Cardholders may verify their own transactions but must route transactions to an approver who has authority over the account charged, does not report directly or indirectly to the cardholder, and is not the beneficiary of the transaction. A detailed description of all roles and responsibilities is available on the Stanford Purchasing Card Program page.

Failure to complete verification and approvals within 60 days of the date a transaction is posted may result in card suspension and/or expenditures may be reported as taxable income to the card user or the cardholder. Additionally, if a PCard transaction is outstanding more than 60 days past the date it is posted, the transaction will be force cleared by Financial Management Services to the guarantee PTA. The department is responsible for moving that cleared transaction via the iJournals system to the appropriate PTA and expenditure type.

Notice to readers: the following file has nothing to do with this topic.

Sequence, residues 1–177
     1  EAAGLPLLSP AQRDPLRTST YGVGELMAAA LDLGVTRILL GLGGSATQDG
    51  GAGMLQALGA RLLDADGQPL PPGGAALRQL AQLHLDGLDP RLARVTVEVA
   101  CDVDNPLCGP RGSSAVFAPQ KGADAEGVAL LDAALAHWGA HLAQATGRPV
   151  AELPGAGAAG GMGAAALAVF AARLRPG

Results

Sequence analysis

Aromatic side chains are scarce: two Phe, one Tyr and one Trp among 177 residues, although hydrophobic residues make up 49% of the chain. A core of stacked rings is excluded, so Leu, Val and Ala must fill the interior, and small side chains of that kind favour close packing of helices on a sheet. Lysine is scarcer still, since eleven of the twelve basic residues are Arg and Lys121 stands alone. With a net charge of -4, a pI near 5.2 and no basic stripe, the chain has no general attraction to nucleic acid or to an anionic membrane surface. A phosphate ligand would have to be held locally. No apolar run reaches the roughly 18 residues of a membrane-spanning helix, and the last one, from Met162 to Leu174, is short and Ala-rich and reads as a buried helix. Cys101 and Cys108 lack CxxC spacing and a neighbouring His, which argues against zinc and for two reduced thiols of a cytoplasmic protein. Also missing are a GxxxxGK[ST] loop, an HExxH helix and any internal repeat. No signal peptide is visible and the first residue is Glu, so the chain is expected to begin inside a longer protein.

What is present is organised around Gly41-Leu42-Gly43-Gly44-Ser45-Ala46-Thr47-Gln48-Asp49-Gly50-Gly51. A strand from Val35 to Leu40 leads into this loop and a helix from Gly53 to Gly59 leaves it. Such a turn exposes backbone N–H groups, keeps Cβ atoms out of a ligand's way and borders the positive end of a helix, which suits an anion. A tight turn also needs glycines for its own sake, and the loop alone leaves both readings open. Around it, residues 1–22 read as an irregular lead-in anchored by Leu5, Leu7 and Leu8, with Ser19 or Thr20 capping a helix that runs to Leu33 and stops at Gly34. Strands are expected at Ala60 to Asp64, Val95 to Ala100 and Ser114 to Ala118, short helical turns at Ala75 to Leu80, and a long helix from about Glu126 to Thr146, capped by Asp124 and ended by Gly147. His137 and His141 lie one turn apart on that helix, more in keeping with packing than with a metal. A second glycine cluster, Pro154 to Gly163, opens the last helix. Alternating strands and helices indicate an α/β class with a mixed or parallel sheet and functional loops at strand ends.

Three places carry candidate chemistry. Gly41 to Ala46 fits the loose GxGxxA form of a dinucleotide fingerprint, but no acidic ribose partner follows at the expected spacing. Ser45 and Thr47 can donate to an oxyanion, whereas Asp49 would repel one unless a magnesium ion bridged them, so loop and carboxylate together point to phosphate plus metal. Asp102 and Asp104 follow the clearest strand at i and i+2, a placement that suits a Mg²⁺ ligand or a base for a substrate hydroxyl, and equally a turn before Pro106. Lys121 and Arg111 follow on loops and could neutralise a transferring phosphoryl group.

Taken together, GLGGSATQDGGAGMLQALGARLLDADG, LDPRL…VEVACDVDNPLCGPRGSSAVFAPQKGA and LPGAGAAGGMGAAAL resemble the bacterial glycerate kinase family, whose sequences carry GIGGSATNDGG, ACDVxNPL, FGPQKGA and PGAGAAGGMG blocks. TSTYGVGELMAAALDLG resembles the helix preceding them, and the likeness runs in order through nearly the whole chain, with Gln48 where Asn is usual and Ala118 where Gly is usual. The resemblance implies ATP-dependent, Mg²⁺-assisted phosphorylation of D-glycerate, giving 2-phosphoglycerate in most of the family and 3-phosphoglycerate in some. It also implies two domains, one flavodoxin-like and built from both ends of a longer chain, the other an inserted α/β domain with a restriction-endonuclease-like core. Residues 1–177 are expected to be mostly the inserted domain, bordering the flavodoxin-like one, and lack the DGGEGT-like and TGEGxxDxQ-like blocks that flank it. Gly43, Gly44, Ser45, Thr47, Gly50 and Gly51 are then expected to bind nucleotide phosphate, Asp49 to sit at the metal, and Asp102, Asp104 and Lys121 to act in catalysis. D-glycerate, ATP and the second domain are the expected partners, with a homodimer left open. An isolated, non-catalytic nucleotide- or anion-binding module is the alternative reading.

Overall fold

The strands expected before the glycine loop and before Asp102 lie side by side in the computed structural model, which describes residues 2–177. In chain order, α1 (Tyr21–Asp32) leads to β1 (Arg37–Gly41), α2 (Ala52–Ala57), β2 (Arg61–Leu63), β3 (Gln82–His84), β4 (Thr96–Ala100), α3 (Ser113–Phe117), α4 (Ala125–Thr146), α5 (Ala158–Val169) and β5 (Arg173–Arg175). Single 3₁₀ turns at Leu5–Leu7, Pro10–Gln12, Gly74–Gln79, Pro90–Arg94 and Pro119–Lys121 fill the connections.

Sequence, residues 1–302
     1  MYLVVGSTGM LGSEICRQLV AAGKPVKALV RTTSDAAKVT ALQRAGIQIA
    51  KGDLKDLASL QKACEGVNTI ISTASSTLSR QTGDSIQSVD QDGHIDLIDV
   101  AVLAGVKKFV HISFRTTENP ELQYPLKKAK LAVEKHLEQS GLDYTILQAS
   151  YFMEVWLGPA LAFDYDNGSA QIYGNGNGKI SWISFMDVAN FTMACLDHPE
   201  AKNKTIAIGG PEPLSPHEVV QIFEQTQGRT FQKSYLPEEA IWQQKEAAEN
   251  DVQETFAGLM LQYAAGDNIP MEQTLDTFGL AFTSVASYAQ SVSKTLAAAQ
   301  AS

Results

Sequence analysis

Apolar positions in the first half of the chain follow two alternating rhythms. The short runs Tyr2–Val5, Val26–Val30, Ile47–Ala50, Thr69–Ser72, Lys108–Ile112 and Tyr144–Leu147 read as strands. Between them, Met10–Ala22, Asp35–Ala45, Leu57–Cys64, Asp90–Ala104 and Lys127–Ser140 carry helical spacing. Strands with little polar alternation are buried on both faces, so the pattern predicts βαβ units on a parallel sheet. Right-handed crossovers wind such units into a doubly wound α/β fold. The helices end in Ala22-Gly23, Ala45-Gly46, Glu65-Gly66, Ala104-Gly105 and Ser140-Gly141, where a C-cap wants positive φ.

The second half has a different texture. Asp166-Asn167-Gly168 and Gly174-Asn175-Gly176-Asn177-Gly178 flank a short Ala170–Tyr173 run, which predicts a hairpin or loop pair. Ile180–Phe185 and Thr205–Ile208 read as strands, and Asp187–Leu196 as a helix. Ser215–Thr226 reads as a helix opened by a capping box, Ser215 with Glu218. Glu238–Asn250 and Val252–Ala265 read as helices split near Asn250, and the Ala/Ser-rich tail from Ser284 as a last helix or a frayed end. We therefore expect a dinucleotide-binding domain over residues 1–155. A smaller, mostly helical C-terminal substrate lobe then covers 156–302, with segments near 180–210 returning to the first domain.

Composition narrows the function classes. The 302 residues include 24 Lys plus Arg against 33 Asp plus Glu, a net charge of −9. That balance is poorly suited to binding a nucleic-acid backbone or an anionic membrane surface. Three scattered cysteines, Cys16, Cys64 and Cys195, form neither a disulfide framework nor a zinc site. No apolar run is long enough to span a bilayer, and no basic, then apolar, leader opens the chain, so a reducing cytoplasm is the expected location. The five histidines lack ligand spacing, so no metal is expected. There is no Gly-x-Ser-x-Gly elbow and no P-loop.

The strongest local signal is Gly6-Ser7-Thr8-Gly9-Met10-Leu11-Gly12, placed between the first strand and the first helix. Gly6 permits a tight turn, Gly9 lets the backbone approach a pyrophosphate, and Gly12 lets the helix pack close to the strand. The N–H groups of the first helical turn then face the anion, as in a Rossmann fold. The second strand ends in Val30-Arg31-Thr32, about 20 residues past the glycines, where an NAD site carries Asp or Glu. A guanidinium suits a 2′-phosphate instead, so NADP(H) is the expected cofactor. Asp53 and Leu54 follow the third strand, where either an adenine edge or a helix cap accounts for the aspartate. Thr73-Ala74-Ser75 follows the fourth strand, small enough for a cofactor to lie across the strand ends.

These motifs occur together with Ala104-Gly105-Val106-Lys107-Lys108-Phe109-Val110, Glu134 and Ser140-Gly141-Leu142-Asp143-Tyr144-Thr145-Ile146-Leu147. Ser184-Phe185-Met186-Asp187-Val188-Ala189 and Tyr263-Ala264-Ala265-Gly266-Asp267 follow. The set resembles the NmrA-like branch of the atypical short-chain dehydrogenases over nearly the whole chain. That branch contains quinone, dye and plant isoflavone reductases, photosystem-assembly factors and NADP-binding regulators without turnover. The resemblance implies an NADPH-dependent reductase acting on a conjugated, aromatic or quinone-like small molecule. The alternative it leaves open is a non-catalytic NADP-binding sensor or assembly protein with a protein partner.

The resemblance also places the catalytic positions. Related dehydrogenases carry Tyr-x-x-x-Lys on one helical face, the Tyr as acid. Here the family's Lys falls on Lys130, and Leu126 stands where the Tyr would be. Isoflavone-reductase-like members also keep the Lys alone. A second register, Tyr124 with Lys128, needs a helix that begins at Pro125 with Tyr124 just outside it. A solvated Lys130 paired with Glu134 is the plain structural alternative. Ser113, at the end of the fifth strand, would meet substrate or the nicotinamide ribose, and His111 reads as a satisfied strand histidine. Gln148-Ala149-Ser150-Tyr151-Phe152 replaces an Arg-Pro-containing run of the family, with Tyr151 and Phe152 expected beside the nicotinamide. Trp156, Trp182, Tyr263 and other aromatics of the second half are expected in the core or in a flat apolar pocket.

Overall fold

When transactions are force cleared, departments lose the opportunity to assign a business purpose and attach receipts to the transaction in the PCard module, and therefore must store receipts (or explanations for the lack of receipts) locally and ensure they are readily available in case of an audit. To learn more about force clearing, visit Managing Aging and Outstanding Expense Transactions.

Disputing PCard Charges

Cardholders or the assigned verifier are responsible for promptly disputing any unidentified charges with the merchant first and should try to resolve the dispute. However, if it cannot be resolved with the merchant, only the cardholder can dispute the transaction with JPMorgan Chase, which must occur within 45 days of the posting date of the transaction.